For the encoding portion of the program, you are to prompt the user for a sound file to use and also prompt the user for the string to hide in the sound file. After the string is hidden in the sound, you are to prompt the user for a file to save the sound. You may use the SimpleInput.getString() method to get the string to hide.

For the extracting portion of the program, you are to prompt the user for a sound file to use. You are to display the extracted string using one of the methods from the SimpleOutput class.

Program Writing Style

Your program must be written using good programming style which includes:
  • Use of multiple methods
  • Good variable names
  • In-line commenting
  • Proper indentation of program statements
  • Use of blank lines to separate blocks of code.
  • Header block commenting for the program and each method written

    Your header block comment for the program must include the following:

    • Your Name,
    • Net-ID,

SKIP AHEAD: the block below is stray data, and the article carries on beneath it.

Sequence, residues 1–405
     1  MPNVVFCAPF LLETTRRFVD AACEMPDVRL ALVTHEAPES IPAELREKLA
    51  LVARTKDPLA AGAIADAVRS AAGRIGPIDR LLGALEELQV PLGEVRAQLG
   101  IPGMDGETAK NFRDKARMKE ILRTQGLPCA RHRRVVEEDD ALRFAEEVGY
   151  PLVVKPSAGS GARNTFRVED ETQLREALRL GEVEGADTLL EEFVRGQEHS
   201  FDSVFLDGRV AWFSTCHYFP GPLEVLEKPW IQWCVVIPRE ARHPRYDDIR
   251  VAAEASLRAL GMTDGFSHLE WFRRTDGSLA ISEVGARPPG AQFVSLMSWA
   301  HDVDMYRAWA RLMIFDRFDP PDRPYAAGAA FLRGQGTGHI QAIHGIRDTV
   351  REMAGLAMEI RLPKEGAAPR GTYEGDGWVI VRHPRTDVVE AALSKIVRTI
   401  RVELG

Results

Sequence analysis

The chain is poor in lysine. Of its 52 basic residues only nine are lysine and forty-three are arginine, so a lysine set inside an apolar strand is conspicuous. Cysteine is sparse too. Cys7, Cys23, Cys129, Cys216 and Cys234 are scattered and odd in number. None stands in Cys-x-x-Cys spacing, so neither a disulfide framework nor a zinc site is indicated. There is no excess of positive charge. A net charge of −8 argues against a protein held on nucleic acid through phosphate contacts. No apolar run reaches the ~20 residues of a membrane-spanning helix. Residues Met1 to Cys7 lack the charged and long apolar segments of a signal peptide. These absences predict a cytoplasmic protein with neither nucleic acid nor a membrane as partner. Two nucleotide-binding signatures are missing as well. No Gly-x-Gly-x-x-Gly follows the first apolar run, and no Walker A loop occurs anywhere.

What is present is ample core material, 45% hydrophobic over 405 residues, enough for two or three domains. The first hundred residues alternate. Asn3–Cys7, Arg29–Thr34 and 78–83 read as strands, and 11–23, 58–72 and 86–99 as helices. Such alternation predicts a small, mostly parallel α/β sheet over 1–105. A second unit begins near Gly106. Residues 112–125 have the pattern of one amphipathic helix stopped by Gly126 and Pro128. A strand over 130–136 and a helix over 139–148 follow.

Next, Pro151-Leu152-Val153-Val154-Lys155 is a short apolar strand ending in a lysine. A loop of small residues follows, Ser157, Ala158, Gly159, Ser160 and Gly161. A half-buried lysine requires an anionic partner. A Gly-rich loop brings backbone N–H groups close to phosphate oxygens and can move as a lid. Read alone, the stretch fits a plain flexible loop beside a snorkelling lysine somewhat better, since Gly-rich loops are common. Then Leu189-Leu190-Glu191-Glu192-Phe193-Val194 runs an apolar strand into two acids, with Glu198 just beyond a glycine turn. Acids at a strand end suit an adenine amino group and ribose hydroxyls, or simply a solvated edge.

• Course Name,
    • Assignment Name and
    • Day and time of your CS 101 lab section (i.e. Wednesday at 9:00)
    • A short description of the assignment.
Header block comments for each method must include the following:
    • A description of the purpose of the method
    • A listing of the name, type and purpose of every parameter
    • A description of the return value and its type

Project Collaboration

You are allowed to receive help on this project from other students who are also taking CS 111. Each student must still complete and submit his/her own project. You will be required to include a Collaboration Statement somewhere on your project if you receive help. This statement can simply be something like the following:
For this project, I received help from the following member of CS 101.
This statement should list each helping student's name in a comment in the "header comment" of your Java file that includes the main() method.

Submission of your Project

Submit your code via Blackboard.

Modified Sound Values

The following sound value show some of the modifications done by this project.

The first file is the original Gettysburg Address sound file that is 10 seconds long. The second shows the result of "smoothing" the smallest digit from each of the amplitude values. The third shows the final sound after a message has been encoded into the amplitude values.

-- Main.troy - 2014-04-15

Topic revision: r1 - 2014-04-15 - 01:29:52 - Main.troy